California's Foie Gras Fight Ramps Up

1-8-15 Foie Gras
A judge overturned the ban on selling the French delicacy in California on January 7, 2015. California's Attorney General filed to appeal the decision Wednesday. Eric Gaillard/Reuters

Updated | Not so fast, foie gras connoisseurs. California Attorney General Kamala Harris announced Wednesday that her office would appeal a January 7 decision to lift the state's foie gras ban.

The ban, which went into effect in 2012, had prevented restaurants and stores from selling the fatty liver that is viewed as a culinary delicacy by some and a product of animal cruelty by others.

Los Angeles U.S. District Judge Stephen Wilson deemed the ban illegal in last month's decision, saying it encroached on the federal regulatory domain of poultry products. Foie gras still can't be produced in California, but Wilson's decision made it legal to import and sell it.

Many chefs rushed to fold foie gras back into their menus; with one even creating a four-course all-foie gras tasting menu the same day the ban was struck down.

Animal rights advocacy groups and activists were incensed by the decision.

"Foie gras is French for fat liver, and Fathead is the American word for the shameless chefs who actually need a law to make them stop serving the bloated, near-bursting organ of a cruelly force-fed bird," PETA wrote in a statement following the decision. "The state will surely appeal the bad part of this ruling, and PETA believes that this decision will be reversed on appeal."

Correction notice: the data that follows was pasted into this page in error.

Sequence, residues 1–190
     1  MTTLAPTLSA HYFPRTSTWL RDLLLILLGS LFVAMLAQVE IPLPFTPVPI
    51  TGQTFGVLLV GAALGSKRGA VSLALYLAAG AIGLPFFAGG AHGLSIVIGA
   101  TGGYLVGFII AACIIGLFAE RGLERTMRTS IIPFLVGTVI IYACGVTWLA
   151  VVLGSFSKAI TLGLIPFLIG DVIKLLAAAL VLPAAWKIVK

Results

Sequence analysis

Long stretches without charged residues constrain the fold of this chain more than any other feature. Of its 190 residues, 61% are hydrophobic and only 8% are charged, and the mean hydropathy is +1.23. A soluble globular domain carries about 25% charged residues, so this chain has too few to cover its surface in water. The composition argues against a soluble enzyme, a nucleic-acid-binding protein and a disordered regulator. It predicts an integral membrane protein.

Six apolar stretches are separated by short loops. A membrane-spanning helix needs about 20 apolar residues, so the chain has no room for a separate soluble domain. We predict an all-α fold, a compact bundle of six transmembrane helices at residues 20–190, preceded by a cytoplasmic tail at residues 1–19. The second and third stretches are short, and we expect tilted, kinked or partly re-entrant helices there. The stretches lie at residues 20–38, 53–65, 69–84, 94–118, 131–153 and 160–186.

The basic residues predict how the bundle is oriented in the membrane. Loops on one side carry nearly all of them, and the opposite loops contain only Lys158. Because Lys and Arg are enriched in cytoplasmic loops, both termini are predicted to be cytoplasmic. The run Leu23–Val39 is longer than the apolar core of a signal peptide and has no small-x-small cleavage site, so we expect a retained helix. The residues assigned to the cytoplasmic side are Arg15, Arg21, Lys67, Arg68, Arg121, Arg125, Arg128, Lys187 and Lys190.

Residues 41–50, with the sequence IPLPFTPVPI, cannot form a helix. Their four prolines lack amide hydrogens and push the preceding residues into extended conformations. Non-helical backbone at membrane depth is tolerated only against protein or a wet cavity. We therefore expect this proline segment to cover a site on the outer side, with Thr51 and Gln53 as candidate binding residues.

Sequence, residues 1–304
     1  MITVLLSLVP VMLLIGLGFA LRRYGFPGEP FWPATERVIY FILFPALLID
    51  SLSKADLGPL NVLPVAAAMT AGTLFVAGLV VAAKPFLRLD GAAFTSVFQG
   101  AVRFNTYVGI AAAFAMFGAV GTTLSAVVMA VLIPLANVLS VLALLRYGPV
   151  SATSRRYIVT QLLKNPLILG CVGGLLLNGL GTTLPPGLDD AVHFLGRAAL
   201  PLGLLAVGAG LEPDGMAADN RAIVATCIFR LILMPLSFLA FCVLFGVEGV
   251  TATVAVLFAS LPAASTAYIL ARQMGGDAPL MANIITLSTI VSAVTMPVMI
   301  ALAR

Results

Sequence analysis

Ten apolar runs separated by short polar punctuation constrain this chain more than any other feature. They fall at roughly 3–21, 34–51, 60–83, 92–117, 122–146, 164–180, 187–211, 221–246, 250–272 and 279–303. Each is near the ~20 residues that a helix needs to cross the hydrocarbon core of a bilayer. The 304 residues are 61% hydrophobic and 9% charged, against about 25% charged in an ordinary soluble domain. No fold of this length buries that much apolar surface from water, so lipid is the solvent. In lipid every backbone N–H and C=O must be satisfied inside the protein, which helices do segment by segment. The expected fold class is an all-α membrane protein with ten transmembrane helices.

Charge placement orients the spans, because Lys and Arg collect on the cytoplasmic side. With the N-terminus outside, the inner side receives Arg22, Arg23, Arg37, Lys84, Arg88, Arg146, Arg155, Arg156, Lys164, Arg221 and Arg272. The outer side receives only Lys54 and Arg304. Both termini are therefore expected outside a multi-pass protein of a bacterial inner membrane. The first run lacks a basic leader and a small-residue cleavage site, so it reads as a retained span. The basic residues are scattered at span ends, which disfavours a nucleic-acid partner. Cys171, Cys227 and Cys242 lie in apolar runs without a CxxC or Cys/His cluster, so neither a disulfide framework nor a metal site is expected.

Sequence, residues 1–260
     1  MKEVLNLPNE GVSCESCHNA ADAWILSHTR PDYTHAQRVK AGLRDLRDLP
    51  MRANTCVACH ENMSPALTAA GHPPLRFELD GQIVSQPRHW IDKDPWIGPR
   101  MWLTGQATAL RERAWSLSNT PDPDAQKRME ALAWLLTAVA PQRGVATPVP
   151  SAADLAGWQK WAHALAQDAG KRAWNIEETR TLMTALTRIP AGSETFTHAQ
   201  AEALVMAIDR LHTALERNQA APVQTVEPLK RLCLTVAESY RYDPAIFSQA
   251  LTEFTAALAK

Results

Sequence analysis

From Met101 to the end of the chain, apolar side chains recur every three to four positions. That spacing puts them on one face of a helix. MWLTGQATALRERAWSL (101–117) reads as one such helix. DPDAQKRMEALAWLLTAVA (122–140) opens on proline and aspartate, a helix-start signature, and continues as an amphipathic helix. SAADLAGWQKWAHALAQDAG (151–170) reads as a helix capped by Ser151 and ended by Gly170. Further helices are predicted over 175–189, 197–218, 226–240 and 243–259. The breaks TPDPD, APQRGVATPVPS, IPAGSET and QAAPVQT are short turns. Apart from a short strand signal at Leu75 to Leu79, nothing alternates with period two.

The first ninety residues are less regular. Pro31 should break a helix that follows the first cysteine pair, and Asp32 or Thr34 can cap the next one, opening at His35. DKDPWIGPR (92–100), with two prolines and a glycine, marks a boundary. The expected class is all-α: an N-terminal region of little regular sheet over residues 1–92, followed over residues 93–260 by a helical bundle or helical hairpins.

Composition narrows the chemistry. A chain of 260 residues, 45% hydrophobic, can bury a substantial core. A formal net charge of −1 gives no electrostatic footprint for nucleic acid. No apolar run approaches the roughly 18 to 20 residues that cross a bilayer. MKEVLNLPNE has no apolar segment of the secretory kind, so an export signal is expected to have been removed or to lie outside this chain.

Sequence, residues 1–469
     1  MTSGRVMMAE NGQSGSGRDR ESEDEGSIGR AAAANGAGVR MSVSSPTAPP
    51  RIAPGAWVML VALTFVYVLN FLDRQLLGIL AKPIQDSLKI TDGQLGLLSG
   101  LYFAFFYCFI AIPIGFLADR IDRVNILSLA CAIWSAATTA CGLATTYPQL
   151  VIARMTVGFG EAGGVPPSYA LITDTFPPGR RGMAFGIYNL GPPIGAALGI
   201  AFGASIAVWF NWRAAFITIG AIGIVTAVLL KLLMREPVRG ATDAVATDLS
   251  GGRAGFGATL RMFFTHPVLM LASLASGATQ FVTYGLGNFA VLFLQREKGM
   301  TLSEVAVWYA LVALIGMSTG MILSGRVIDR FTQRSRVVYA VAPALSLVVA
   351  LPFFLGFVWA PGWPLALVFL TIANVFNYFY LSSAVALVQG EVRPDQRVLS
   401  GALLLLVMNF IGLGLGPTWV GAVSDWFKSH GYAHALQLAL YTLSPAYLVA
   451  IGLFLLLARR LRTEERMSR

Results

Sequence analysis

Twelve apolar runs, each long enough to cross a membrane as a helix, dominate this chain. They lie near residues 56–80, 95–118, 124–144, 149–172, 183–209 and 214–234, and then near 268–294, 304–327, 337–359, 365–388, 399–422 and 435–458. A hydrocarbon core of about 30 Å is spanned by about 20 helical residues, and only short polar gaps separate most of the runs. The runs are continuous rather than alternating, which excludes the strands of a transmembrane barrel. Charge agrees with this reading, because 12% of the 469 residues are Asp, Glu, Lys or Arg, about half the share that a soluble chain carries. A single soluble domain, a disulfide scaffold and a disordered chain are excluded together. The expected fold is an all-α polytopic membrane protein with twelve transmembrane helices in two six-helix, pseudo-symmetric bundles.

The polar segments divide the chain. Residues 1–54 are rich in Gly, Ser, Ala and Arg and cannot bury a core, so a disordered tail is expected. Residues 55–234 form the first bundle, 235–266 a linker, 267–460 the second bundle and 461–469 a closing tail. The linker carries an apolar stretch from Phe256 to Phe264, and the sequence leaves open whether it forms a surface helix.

State lawyers have now filed paperwork with the 9th U.S. Circuit Court of Appeals to begin the formal appeal process.

"Kamala Harris is right to appeal this questionable ruling," said Paul Shapiro, vice president of farm animal protection at the Humane Society. "California has the right to prevent the commerce in such a cruel and inhumane product."

But the pro-foie gras faction disagrees. "We're very confident that the district court's judgment will be upheld on appeal," the plaintiffs who had challenged the ban said in a joint statement. "The decision was based on the simple fact that, in the field of meat and poultry, federal law is supreme. California does not have the right to ban wholesome, [U.S. Department of Agriculture]-approved poultry products, whether it's foie gras or fried chicken. We look forward to having our victory affirmed by the Ninth Circuit Court of Appeals."

The final word on selling foie gras in California is still to come. If the ruling is overturned, California would return to being the only U.S. state where the production and sale of foie gras is banned. More than a dozen countries worldwide have bans on production, says Matthew Strugar, legislative director of the PETA Foundation. Though Chicago instituted a ban on foie gras in 2006, it was quickly repealed, Strugar says, and no other U.S. city or state has passed a similar ban.